Liquid Designs for Detroit: The Cut and The Moor

September 2013

A description of Liquid Planning  - a collaborative teaching initiative that develops methods of trans-disciplinary practice in the Taubman College of Architecture and Planning at the University of Michigan.

The development of collaborative, cross-disciplinary, pedagogical frameworks is an institutional priority at the University of Michigan that promises innovative advances in research at the intersection of ecological and urban dynamics. The Taubman College of Architecture and Urban Planning is well poised to foster models of scholarship and teaching, particularly those that can contribute to a better understanding of the relationships between environmental processes and the design of our built environment. Initiated in Fall 2011, Liquid Planning, a three-credit advanced graduate seminar course, enrolls students from architecture, environmental planning and policy, landscape architecture, sustainable systems, urban design, and urban planning to bring a wide range of expertise to the classroom around a shared urban challenge involving urban stormwater management.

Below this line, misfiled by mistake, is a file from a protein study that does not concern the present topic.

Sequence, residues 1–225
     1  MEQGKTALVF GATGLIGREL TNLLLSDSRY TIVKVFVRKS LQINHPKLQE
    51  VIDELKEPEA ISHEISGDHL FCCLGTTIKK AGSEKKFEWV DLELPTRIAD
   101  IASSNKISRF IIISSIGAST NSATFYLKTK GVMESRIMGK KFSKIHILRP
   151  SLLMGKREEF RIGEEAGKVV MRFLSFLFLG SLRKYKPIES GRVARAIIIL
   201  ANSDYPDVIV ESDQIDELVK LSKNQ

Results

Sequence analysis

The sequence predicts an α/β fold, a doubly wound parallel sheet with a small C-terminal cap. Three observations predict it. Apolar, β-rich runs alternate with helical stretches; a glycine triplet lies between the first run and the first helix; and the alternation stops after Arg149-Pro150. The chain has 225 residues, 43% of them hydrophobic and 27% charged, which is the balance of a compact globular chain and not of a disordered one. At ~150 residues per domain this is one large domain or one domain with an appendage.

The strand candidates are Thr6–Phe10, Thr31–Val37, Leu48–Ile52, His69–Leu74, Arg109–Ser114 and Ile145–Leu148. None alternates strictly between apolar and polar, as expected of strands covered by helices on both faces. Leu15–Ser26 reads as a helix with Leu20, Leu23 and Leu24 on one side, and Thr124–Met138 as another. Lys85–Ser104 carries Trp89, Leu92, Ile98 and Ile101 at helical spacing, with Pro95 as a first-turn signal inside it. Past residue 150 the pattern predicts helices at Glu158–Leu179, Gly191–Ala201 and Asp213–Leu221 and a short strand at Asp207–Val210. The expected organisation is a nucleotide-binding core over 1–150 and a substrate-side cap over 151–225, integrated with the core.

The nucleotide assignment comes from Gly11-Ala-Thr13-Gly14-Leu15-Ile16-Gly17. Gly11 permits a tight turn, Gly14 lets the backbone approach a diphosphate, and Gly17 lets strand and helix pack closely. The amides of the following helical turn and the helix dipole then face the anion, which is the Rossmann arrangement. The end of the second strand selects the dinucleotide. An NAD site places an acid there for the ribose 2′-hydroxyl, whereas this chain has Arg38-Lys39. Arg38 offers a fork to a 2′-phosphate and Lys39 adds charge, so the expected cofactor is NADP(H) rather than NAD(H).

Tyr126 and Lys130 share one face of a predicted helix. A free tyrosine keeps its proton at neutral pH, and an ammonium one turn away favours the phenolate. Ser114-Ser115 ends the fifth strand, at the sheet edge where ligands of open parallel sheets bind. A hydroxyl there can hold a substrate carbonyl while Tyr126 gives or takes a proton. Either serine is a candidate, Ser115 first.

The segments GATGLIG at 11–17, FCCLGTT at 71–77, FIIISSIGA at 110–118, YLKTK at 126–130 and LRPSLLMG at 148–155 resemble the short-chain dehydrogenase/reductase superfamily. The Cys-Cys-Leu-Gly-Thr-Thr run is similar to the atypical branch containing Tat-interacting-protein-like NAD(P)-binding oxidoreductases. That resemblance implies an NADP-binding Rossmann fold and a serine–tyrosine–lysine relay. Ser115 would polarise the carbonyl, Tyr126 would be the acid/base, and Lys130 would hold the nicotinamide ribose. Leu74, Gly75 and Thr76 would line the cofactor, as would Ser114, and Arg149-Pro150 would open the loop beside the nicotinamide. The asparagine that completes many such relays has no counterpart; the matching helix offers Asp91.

Liquid Planning is a collaborative teaching initiative that develops methods of trans-disciplinary practice. In particular, the course explores approaches to sustainable design and revitalization through an investigation into the common mis-registration between urban infrastructure and natural water systems. Because water is a critical component in an understanding of past and present conditions and future paradigms for metropolitan regions, Liquid Planning utilizes watershed thinking to foster approaches that bridge scales, work within temporally dynamic systems, and establish processes that transcend established administrative boundaries. In these ways, Liquid Planning recognizes the importance of design disciplines in the innovation of more sustainable construction practices.